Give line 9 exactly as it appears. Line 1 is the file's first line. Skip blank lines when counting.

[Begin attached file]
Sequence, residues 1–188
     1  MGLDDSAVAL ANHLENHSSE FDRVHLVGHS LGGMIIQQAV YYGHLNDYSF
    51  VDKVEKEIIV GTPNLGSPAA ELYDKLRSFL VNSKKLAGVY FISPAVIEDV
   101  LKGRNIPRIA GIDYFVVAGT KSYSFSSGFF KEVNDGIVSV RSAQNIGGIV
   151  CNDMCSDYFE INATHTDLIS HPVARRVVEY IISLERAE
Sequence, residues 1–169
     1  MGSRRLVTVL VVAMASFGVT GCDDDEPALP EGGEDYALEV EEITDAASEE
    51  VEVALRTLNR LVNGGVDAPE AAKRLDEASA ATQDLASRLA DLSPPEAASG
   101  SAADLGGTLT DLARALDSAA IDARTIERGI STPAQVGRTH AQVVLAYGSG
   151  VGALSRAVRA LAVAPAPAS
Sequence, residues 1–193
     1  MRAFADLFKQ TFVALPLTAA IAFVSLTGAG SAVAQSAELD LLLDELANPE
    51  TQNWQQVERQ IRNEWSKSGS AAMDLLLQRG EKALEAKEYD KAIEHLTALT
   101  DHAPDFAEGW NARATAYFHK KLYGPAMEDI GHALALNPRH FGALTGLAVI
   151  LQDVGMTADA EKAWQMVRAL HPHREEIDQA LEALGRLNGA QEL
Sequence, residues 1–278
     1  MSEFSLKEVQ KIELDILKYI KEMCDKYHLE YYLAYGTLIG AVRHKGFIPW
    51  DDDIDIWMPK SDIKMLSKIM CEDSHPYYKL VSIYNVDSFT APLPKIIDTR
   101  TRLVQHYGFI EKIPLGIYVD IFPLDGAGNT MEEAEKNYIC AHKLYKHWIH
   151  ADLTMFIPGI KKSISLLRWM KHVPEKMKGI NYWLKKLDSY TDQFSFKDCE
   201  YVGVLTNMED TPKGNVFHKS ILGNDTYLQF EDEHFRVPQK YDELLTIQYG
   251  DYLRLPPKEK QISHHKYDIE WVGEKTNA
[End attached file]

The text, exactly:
   101  SAADLGGTLT DLARALDSAA IDARTIERGI STPAQVGRTH AQVVLAYGSG